General Election 2015: Parties’ policies on education

Edie and Emilia

Education is set to be a key battleground in the following election: policies from Labour, Conservatives, UKIP, Liberal Democrats, SNP and the Green Party include £6,000 tuition fees, 500 new free schools, abolishing SATS, smaller class sizes and setting new demanding targets for students.


So what do the political parties say? Labour Party leader, Ed Miliband MP, promises if they win the elections he will banish many of the education reforms brought in by the former Education Secretary Michael Gove. The party have vowed to create new independent directors of school standards. This will allow schools to set their own times for the school day and week.


Labour’s close rivals, the Conservatives, say at least 500 extra free schools will be built if they win the election. Free schools are set up by parents, teachers or third parties outside council control. A new report by Policy Exchange found struggling schools were improving up to twice as fast when a free school opened close by compared to the national average.

Green Party

The Green Party have released some very different and controversial ideas these include- the compulsory starting age for school changed to seven, opposing performance related pay for teachers, removing funding for faith schools and reducing class sizes to 20. As well as eradicating Ofsted they will replace it with a ‘collaborative system of monitoring school performance’ which will allow headteachers to be independent whilst authorities will work together to maintain high standards.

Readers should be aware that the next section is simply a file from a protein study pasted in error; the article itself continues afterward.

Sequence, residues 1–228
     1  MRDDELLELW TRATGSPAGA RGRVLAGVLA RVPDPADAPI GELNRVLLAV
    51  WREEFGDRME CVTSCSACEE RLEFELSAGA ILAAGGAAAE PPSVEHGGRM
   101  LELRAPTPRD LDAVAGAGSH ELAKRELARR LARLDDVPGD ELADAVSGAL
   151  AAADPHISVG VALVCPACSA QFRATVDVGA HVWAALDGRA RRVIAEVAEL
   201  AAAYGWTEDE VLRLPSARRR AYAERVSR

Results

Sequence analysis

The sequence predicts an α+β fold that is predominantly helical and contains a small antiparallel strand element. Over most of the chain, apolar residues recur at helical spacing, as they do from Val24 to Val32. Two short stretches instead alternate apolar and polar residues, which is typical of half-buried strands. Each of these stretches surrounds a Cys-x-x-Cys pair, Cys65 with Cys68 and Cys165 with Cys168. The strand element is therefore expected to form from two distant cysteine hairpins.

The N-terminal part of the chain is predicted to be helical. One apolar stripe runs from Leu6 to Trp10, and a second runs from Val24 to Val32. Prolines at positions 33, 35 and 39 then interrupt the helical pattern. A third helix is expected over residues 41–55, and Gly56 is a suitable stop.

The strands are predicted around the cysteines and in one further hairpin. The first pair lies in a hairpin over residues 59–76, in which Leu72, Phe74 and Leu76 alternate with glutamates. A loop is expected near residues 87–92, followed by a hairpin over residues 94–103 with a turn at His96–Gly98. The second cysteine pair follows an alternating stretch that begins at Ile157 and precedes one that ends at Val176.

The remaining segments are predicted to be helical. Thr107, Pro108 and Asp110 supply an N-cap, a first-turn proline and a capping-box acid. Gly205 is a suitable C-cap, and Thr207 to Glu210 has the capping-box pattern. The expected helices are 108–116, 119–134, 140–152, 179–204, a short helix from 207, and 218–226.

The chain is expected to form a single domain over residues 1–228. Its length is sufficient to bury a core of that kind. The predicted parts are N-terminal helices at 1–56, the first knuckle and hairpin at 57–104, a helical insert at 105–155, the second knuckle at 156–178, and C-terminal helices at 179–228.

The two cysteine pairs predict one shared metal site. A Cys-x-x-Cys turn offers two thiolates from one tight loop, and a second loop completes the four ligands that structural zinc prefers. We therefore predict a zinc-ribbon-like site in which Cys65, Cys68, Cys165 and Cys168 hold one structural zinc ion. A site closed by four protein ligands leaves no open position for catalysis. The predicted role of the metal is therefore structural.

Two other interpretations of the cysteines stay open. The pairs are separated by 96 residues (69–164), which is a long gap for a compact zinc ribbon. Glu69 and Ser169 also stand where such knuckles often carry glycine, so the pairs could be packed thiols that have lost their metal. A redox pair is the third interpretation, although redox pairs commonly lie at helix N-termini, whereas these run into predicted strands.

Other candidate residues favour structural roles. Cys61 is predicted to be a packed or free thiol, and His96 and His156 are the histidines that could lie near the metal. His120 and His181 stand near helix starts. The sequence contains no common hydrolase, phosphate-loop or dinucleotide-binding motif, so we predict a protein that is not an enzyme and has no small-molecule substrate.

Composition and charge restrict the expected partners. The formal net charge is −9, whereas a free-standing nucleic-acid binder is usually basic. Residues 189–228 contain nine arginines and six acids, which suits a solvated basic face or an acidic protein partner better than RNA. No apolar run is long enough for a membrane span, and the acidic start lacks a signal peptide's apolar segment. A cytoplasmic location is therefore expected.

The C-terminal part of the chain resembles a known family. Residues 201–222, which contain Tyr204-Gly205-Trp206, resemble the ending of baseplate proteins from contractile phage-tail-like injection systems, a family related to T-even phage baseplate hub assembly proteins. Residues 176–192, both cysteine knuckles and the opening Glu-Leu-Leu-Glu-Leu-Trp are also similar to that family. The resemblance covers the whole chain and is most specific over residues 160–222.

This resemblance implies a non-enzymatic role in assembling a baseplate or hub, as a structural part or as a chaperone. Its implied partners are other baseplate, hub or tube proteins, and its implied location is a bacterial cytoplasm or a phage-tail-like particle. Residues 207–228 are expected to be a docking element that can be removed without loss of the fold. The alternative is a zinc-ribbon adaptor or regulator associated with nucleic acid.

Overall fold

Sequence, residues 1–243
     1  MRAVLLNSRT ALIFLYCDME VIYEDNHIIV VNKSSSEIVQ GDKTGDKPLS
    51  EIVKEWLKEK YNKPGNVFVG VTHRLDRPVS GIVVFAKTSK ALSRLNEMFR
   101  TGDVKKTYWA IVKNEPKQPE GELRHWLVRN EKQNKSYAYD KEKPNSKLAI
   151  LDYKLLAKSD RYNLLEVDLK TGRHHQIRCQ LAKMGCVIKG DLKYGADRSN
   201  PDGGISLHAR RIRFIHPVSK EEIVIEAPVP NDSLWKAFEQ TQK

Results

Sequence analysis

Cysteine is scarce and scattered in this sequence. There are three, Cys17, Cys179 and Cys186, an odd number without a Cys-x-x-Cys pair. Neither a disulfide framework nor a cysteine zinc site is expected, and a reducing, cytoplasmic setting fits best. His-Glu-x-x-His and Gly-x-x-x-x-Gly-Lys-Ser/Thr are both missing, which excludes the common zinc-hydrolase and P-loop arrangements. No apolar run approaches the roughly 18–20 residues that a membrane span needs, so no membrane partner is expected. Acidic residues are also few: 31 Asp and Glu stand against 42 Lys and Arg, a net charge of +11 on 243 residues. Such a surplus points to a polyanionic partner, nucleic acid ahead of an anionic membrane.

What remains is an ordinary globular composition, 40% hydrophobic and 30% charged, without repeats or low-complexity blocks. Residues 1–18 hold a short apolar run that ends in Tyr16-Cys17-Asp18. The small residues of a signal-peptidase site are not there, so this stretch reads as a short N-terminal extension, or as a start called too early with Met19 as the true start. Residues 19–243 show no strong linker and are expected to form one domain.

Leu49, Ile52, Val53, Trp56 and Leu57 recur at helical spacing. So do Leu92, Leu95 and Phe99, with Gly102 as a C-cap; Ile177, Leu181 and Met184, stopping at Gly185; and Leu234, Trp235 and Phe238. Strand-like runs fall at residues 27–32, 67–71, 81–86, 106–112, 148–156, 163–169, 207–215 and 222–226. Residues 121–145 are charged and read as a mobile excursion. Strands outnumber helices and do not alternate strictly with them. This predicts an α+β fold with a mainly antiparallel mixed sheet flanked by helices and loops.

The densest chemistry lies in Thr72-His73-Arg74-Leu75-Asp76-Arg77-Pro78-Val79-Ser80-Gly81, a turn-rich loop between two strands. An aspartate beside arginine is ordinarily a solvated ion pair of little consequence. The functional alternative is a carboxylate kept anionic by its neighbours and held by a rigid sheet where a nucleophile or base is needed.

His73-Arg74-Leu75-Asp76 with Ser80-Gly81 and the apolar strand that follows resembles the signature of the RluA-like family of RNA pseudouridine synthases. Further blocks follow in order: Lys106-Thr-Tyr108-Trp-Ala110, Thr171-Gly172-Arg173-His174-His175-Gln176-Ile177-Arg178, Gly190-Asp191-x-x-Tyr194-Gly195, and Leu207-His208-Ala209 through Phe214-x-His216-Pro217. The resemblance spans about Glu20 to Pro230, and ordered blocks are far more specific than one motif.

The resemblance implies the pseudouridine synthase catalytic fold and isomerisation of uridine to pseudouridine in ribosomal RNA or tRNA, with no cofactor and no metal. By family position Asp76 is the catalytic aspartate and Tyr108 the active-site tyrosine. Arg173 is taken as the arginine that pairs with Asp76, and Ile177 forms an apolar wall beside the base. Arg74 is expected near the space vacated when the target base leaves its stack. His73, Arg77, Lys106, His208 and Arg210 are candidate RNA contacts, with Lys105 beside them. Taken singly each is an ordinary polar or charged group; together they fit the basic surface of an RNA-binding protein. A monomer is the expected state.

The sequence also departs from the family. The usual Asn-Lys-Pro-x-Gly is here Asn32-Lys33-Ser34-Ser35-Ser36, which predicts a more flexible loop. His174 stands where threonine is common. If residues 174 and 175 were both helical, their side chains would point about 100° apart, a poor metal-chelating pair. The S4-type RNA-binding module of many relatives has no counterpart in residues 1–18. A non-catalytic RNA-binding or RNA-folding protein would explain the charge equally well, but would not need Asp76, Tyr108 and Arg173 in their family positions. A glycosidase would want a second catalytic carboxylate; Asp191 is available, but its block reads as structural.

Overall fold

Liberal Democrats

Education is a key theme this year for The Liberal Democrats. “The priority I want to focus on is education – because nothing is more central to creating both a stronger economy and a fairer society, where everyone has the opportunity to fulfil their potential,” Nick Clegg said in February. Some of their achievements in Government have included- giving 15 hours free early education to all three-to-four year-olds and 40 per cent of two-year-olds, free school meals to all children in Reception, Year 1 and Year 2 and setting up a £2.5 billion Pupil Premium, which puts more money in schools, aimed at pupils who need one-to-one help.


UKIP are showing a keen interest in education this year. Their education policies include introducing an option for students to take an Apprenticeship Qualification instead of four non-core GCSEs which can be continued at A-Level. They will also remove tuition fees for students taking approved degrees in science, medicine, technology, engineering and maths on the condition that they live, work and pay tax in the UK for five years after the completion of their degrees.

All the parties seem very certain on their new policies. Education appears to be the central point for winning the elections this year. And as Nelson Mandela said “Education is the most powerful weapon which you can use to change the world”.